2007 - A Harvard School of Public Health study showed that smokers were 73% less likely to suffer from Parkinson's than people who didn't smoke. According to Dr. Honglei Chen, the study's lead researcher "the information could guide the development of studies on various tobacco components ... to help understand the relationship between smoking and Parkinson's disease … further research could determine which chemicals are responsible for bolstering the brain against the illness." Link here.

2009 - 2010 - Researchers at Star Scientific discover that anatabine, one of the 4,000 chemicals found in tobacco, has the capacity to reduce the urge to smoke. Scientists at Star have subsequently determined that anatabine, the active ingredient in Anatabloc, has numerous additional benefits and is likely the key active component of tobacco responsible for its positive effects on autoimmune and inflammatory diseases.

2010 - Harvard University's McLean Hospital completes a comprehensive two year preclinical research program demonstrating the safety and tolerability of anatabine, as well as complete lack of addictive potential. Link here.

October 2010 - The Roskamp Institute begins clinical trials of RCP-006 (anatabine) for the treatment of Alzheimer's disease. In addition, Roskamp scientists begin a collaboration with Johns Hopkins to investigate additional therapeutic applications of RCP-006. Links here and here.

March 2011 - Star Scientific files an international patent application (WO 2011/119722 A2) describing the use of anatabine to lower key inflammatory biomarkers. From the summary: "A pharmaceutical composition comprising a therapeutically effective dose of an isolated form of anatabine or a pharmaceutically acceptable salt thereof can be administered to an individual to reduce a symptom of a disorder comprising an NF-kB mediated inflammatory component or to reduce the risk of developing such a disorder."

March 2011 - The Roskamp Institute demonstrated the striking anti-inflammatory effects of anatabine, as evidenced by the reduction of key pro-inflammatory cytokine IL-1beta. Anatabine was shown to over three times more effective than Lipitor at lowering this marker of inflammation. Link here.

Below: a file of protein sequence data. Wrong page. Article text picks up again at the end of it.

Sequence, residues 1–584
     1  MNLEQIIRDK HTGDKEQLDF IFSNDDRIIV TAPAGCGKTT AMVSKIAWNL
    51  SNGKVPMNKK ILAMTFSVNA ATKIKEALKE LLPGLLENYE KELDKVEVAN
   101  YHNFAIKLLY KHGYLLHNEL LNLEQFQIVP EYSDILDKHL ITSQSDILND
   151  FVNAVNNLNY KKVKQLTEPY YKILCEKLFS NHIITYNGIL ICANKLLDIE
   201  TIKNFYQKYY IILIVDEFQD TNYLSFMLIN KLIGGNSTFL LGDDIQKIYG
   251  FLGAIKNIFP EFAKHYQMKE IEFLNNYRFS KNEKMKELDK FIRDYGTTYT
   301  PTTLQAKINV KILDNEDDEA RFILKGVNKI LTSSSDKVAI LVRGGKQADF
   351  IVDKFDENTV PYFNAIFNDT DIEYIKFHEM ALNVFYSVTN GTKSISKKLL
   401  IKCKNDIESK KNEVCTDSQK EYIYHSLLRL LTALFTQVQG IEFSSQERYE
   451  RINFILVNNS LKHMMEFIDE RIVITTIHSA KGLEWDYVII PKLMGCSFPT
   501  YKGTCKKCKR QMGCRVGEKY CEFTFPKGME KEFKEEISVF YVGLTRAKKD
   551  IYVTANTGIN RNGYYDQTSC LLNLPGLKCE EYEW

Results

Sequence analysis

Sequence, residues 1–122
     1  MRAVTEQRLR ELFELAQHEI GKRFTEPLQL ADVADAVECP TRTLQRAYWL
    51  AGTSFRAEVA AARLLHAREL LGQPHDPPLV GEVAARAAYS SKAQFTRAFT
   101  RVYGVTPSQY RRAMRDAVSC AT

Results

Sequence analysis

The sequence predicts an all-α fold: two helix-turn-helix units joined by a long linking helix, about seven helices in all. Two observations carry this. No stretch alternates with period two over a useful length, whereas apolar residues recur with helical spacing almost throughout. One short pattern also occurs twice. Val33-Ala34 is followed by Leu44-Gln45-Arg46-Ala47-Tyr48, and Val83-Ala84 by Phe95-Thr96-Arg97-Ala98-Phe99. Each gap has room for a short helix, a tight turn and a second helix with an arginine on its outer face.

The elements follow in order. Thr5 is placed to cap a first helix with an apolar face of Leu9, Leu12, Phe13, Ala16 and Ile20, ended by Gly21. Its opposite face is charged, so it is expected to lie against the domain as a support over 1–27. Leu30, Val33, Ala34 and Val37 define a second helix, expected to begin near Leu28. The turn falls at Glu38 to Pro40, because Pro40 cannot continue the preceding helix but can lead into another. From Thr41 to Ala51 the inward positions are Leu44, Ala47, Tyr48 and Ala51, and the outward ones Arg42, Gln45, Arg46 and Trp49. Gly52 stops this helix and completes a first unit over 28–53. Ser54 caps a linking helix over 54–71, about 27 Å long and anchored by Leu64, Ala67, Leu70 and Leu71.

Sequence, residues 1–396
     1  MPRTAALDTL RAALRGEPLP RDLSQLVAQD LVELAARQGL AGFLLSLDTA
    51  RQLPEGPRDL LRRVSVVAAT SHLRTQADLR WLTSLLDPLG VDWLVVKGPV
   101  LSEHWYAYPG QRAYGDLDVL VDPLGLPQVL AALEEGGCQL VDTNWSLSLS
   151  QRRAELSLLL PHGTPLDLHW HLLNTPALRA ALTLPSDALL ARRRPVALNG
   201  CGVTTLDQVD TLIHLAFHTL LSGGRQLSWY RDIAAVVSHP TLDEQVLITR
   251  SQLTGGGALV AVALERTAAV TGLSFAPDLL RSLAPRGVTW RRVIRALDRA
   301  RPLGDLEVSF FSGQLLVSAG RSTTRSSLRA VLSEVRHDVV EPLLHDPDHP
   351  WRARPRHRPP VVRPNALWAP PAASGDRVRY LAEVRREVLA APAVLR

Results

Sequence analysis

July 2011 - Researchers at The Roskamp Institute disclose the results of a study demonstrating that anatabine (RCP-006) is over four times more effective than both Celebrex and Voltarol in reducing levels of damaging pro-inflammatory cytokines. Link here.

August 2011 - Star Scientific begins marketing of Anatabloc via a dedicated product website.

September 2011 - The Roskamp Institute demonstrates anatabine's ability to decrease LPS-induced NF-kB activity. More importantly, anatabine was shown to be effective at dose equivalent levels where Celebrex and aspirin demonstrate severe toxicity. Link here.

November 2011 - Researchers at The Roskamp Institue publish a peer-reviewed manuscript in the European Journal of Pharmacology entitled "Anatabine lowers Alzheimer's Aβ production in vitro and in vivo." For a brief abstract link here.

January 2012 - Star reports first completion of clinical trial showing anatabine lowers chronic inflammation measured by C-reactive protein [CRP] blood levels in humans. Up to this point in the timeline there had been no clinical evidence that anatabine worked as well in human studies as it did in cell and animal studies. Link here.

February 2012 - Star Scientific makes Anatabloc available for purchase via the GNC Internet storefront. Link here.

April 2012 - GNC offers Anatabloc in select stores. Link here.

May 23, 2012 - GNC expands distribution to all of its US-owned retail locations in 2,922 locations. Link here.

May 2012 - Researchers at the Roskamp Institute completed a successful animal study of nutritional supplementation anatabine in an animal model of multiple sclerosis (MS). Preliminary data all suggest the company's specially formulated anatabine supplement has a highly beneficial effect in this model of MS. Link here.